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Figure 8. Effect of myelin on activation of PI3K/Akt pathway.

(A) Phosphorylation of p85 and Akt in bone marrow-derived macrophages from WT and CR3 KO mice treated with myelin for the indicated time. (B) Effect of PI3K inhibitor LY-294002 on myelin-induced IκB-α phosphorylation and degradation in macrophages. (C) Effect of Akt inhibitor IV on myelin-induced IκB-α phosphorylation and degradation in macrophages. (D) Effect of inhibitors of PI3K, Akt, NF-κB and PKC on myelin-induced Akt phosphorylation in macrophages. (E) Macrophages were pretreated with inhibitors of PI3K, Akt, NF-κB and PKC for 30 minutes, respectively and then incubated with myelin for 90 minutes. Myelin-induced p65 translocation in macrophages was detected by immunofluorescent staining. p65 was stained red and nuclei were stained with DAPI (blue) (Scale bar = 10 µm). All inhibitors were used for 30-minute pre-incubation before myelin incubation. Phosphorylation levels were normalized to non-phosphorylated total proteins. Similar results were obtained from three independent experiments.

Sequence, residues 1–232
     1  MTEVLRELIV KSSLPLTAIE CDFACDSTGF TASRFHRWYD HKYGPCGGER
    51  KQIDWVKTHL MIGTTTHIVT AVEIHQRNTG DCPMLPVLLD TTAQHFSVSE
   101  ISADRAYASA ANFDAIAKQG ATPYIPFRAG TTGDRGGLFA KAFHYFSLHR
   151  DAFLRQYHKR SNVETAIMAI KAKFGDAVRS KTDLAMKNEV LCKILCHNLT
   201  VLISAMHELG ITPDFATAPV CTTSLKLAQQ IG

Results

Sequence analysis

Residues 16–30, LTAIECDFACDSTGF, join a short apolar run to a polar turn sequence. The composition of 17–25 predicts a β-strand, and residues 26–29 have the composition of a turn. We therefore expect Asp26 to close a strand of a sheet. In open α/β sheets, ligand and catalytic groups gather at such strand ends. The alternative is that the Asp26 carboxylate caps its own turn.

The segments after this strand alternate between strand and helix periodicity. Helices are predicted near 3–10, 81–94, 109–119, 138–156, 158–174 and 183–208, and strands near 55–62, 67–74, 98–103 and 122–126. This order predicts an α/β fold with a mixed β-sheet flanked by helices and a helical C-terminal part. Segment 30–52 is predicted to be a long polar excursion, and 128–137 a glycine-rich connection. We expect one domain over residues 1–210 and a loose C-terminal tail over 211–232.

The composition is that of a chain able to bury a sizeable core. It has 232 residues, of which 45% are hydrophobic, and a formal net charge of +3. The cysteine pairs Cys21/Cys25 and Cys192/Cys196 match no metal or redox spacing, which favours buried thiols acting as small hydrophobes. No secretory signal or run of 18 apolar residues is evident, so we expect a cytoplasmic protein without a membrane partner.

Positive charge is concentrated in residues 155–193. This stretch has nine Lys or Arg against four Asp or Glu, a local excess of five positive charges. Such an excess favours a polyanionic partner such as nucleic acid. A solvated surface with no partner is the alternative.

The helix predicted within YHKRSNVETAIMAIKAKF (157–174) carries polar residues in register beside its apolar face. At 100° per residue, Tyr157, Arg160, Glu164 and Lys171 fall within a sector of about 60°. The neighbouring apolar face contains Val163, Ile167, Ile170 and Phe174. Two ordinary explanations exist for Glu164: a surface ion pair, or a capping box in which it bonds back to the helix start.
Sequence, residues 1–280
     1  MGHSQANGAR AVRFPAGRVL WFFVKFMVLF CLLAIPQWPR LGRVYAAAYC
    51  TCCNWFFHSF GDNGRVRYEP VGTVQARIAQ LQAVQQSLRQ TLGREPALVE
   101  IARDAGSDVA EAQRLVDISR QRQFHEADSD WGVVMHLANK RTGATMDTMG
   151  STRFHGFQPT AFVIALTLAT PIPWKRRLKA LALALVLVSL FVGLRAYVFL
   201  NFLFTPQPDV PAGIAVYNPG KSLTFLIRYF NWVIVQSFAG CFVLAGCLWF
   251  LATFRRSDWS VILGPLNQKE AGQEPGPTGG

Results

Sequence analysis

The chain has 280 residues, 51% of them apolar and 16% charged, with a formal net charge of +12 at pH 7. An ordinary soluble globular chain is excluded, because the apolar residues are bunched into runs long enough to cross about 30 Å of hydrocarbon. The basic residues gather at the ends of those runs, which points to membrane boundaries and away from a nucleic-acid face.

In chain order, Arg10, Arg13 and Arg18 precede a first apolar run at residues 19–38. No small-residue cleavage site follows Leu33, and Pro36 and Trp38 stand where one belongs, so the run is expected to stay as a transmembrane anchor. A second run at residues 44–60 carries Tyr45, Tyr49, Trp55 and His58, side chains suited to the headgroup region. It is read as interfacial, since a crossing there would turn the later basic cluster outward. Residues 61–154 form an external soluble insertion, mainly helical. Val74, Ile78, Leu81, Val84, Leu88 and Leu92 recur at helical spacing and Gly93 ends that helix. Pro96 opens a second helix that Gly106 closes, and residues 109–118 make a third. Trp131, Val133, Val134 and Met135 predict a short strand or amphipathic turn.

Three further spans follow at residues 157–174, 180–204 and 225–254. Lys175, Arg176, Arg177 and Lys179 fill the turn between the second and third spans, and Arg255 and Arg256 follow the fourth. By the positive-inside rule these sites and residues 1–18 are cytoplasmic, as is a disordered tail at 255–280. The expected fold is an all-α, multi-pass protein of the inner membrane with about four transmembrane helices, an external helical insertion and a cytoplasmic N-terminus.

https://doi.org/10.1371/journal.pone.0009380.g008

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Figure 9. Effect of inactivation of PI3K and Akt on myelin-induced cytokine expression in macrophages.

Macrophages were pre-treated with LY-294002 (A) or Akt inhibitor IV (B) for 30 minutes and then treated with myelin for 12 hours. Cytokines at transcriptional level were detected by qRT-PCR. Data were expressed as mean ± SEM and similar results were obtained from three independent experiments. (n = 3, *P<0.05 vs. control; #P<0.05 vs. inhibitor treatment; t-test).